Welcome to Alagoas Brancas

We are dedicated to protect and raise awareness for the Alagoas Brancas wetlands.




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Join us in Demonstrating

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We have just started a petition to gather more support for the Alagoas Brancas. We would very much appreciate you taking a second to sign it.

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Join our Demonstration!

We need your help to save the Alagoas Brancas from destruction: please sign the petition here and join our protest on October 22nd, 5 pm at Auditorio Carlos do Carmo de Lagoa. If you care about the environment, here is your chance to do something: Please forward this message to 3 other people to help spread the word.

Alagoas Brancas, what is that?

Alagoas Brancas is a wetland area. A wet, seasonal freshwater zone located in the urban area of Lagoa, in the municipality of Lagoa. It represents the only remaining area of a vast, ancient wetland that gave its name to the city and municipality of Lagoa. It is called Alagoas Brancas because, during the month of May, the water is covered with white flowers.

Due to the presence of extensive agricultural fields (rice fields mainly) bordering the city of Lagoa, bird populations use the Alagoas Brancas as a dormitory and resting area during annual migrations as well as all year round, and its rice paddies as a source of food.

Amongst a wide variety of insects, amphibians, reptiles as well as flora, there over 140 bird species that have been observed in the Alagoas Brancas (according to eBird). Noteably this wetland regularly hosts more than 1% of the regional population (Mediterranean, Black Sea and West Africa) of Black Ibis, Plegadis falcinellus (Wetlands International 2019), which gives it international importance, according to the Birds Directive and the Ramsar Convention – and potential designation as a Ramsar site under criterion B6.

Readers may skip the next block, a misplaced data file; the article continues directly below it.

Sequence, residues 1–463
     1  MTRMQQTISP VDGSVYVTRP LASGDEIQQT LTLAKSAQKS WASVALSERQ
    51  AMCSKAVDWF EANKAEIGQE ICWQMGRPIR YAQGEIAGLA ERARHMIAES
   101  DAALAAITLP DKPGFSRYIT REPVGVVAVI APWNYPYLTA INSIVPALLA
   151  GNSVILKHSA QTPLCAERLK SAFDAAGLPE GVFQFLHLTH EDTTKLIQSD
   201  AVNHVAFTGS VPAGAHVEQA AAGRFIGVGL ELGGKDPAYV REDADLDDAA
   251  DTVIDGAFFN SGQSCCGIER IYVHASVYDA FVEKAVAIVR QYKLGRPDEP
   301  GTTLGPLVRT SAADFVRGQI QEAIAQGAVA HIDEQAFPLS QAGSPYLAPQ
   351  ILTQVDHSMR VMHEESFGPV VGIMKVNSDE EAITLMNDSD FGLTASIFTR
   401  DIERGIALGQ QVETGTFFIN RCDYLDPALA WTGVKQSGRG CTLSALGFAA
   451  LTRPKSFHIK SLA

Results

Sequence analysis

In addition it houses more than 1% of the national wintering population of the carcasser Bubulcus ibis, stilt Himantopus himantopus and spoonbill Platalea leucorodia.

This wetland also constitutes an important stopping point for birds migrating between their nesting territories in the north, and wintering areas on the African continent, mainly in West Africa, both in the spring (March-May) and in the autumn (August- October).

It is a small natural treasure teeming with life on the outskirts of Lagoa. A recent study determined that wetlands capture four times more carbon than forests, making protecting the Alagoas Brancas even more critical in this time of climate change.